Novel Approaches: Bioengineering and Vaccines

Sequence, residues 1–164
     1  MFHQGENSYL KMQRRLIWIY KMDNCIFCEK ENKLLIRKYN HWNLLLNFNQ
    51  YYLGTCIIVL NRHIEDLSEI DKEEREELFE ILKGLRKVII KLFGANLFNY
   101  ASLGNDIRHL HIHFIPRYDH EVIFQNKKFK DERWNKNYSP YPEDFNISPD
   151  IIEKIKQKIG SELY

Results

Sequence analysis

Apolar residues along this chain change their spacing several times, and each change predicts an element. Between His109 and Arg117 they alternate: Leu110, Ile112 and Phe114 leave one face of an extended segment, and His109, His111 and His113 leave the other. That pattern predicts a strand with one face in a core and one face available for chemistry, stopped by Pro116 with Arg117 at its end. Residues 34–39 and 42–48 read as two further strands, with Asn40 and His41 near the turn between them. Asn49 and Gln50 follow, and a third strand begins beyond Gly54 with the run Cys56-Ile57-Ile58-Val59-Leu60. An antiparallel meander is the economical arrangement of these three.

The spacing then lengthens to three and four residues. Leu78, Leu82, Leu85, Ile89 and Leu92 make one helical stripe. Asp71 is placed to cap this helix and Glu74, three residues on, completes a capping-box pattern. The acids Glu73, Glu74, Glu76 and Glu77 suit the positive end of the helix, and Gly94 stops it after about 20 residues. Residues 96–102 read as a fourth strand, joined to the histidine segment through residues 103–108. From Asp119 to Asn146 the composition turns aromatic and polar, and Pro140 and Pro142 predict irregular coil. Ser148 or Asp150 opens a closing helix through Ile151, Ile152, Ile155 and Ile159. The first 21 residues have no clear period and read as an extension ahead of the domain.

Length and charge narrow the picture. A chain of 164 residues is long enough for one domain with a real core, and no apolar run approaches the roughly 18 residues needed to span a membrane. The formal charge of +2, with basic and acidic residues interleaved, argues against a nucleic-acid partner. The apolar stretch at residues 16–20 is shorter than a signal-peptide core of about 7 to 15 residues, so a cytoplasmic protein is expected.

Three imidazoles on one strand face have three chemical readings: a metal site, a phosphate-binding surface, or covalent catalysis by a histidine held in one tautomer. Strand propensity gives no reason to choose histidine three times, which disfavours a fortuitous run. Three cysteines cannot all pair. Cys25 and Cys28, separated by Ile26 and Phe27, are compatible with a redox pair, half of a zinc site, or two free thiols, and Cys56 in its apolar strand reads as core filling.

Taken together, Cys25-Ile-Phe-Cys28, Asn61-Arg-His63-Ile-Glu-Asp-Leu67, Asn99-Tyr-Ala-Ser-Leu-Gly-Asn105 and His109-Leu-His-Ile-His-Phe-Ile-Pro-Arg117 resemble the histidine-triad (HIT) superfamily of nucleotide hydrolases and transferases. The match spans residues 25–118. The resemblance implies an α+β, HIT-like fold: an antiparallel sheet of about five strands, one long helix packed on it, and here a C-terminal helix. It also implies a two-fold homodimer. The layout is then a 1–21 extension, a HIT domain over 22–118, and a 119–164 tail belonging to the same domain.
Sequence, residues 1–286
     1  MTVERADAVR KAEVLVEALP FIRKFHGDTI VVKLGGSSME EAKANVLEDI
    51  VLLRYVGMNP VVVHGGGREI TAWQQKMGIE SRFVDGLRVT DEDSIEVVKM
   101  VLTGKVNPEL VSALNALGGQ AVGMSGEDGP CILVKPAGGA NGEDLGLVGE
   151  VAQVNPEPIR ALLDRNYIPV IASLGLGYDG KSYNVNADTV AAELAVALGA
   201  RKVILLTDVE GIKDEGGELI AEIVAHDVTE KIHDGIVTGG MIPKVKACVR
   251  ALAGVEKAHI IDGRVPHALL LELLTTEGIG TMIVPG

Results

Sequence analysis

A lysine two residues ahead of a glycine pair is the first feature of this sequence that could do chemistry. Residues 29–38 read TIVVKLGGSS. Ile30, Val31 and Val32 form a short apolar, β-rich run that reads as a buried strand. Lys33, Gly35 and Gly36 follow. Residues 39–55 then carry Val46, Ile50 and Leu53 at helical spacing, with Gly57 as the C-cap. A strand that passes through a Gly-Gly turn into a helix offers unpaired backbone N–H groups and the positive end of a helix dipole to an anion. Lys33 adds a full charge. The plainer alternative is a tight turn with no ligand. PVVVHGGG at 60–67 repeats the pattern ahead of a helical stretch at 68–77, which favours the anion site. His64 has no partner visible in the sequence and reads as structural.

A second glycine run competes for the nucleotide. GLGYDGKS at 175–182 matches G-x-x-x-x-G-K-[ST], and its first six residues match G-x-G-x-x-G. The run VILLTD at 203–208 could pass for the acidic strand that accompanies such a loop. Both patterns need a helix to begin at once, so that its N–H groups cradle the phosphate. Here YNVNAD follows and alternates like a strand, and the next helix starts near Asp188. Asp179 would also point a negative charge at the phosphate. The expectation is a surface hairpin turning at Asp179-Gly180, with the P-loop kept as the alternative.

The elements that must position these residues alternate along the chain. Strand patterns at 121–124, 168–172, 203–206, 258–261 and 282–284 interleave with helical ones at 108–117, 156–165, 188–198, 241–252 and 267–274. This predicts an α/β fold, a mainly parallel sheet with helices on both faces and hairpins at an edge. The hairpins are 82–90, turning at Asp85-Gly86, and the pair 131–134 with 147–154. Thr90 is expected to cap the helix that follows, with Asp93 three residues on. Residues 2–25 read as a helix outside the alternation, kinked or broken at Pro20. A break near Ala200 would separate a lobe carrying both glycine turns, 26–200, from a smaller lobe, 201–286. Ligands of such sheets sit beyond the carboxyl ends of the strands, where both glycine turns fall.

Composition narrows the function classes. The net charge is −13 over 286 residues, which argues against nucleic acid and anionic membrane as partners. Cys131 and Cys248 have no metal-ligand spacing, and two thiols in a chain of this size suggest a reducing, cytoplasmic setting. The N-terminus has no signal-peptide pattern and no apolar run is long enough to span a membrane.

We have entered the age of “synthetic biology,” where the principles of biology and engineering are conjugated to design, create, or modify existing biological entities to perform tasks they would not naturally do (144). Bioengineering of phages could dramatically increase their therapeutic potential via a range of mechanisms, including expanded host range, switching host tropism, delivery of exogenous genes, or modification of phage capsids (Fig. 2D). Mahichi et al. (145) were able to expand the host range of E. coli phage T2 by incorporating the long tail fiber genes of phage IP008 through homologous recombination. The resulting chimeric phage exhibited the broader host range of phage IP008, while still maintaining the strong lytic activity of phage T2 (145). Furthermore, Lu and Collins (146) modified E. coli phage T7 to express the enzyme dispersin B, which is capable of degrading one of the key components of bacterial biofilms, within the bacterial host cell upon infection. The engineered virus was capable of reducing biofilm cell counts by >100-fold compared to the wild-type phage. Finally, Kim et al. (147) found that by conjugating polyethylene glycol (PEG) to phages, their blood circulation time was increased, possibly through evasion of the T-cell-mediated immune response. Similar modifications could be used to improve other pharmacokinetic parameters of phage therapy (148, 149).